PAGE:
In the afternoon, under cross-examination by Napout’s lawyer, Silvia Pinera, Pena said he had no direct knowledge of any payments to Napout and never spoke to him directly about bribe payments.

Pinera’s cross-examination is expected to continue on Tuesday, followed by cross-examination by Burga’s and Marin’s lawyers.

Reporting by Mica Rosenberg and Brendan Pierson in New York; Editing by Cynthia Osterman

martes, 21 de noviembre de 2017

Eight Days a Week: The Beatles' Touring History in 8 Concerts

 The Beatles live in Essen, Germany, 25 June 1966

Eight Days a Week: The Beatles' Touring History in 8 Concerts
Jordan Runtagh
November 21, 2017

For those of us who weren’t lucky enough to attend a Beatles concert in the 1960s, Ron Howard’s Eight Days a Week just might be the next best thing. The 2016 documentary traces the band’s rise from a cramped and dank cellar in Liverpool to record breaking television appearances, jam packed stadiums, and—ultimately—rock immortality. Lovingly assembled through rare and often unseen fan home movie footage, Howard’s film also draws on more familiar material—restored to the highest echelons of  HD— and new interviews with Paul McCartney and Ringo Starr. All told, it’s a joyous and stunningly visual representation of their unbelievable journey, and an unparalleled look at a time when the four Fabs roamed the Earth and made themselves available to see, live and in person, for just a few dollars.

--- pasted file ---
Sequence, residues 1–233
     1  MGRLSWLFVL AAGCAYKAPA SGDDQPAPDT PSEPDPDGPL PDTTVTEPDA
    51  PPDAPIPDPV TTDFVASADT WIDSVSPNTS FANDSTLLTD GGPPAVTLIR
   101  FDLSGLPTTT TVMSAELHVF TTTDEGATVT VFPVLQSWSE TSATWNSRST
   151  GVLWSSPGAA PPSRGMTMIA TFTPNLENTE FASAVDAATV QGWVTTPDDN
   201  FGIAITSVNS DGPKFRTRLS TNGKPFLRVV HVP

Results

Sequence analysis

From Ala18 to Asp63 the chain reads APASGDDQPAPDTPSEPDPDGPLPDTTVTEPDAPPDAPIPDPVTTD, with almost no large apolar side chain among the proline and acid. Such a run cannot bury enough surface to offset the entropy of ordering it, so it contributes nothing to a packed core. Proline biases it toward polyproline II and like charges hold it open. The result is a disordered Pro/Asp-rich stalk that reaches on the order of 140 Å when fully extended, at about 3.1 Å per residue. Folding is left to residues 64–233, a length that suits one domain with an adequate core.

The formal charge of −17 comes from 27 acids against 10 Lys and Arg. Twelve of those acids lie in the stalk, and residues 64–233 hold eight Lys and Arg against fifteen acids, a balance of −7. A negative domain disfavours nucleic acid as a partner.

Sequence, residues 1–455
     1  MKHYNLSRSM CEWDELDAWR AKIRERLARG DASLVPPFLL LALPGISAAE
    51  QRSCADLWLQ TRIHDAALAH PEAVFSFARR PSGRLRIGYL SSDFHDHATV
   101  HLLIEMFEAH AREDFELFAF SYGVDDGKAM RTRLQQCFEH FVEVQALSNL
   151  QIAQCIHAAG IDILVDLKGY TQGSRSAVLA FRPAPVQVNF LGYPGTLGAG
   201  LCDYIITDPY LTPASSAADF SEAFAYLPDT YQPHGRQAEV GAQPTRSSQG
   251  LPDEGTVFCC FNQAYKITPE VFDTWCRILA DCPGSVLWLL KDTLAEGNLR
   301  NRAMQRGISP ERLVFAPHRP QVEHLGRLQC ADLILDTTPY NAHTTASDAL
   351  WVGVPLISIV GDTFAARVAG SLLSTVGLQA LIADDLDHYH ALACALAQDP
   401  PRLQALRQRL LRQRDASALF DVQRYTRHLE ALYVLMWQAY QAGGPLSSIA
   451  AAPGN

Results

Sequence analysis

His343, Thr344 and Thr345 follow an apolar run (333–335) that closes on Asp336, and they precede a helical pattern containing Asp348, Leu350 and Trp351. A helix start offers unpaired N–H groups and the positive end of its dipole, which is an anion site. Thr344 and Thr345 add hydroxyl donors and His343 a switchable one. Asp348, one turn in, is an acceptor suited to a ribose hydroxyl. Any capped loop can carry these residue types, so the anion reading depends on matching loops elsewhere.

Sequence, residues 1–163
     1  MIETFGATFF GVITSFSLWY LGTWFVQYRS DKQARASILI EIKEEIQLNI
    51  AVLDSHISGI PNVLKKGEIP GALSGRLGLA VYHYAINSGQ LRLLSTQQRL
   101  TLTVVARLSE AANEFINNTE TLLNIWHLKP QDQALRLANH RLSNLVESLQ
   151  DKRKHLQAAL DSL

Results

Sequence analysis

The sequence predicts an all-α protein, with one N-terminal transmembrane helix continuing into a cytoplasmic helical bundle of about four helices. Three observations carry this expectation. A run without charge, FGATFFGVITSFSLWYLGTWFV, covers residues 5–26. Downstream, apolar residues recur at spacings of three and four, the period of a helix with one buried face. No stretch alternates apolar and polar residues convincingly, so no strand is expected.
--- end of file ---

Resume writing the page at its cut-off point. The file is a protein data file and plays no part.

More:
In honor of Eight Day’s a Week‘s television debut this Saturday, Nov. 25, at 8 p.m. (7 p.m. central) on PBS, here’s a detailed look at the Beatles’ touring career, told through eight of their concerts.

1. The Cavern, Liverpool (Aug. 22, 1962)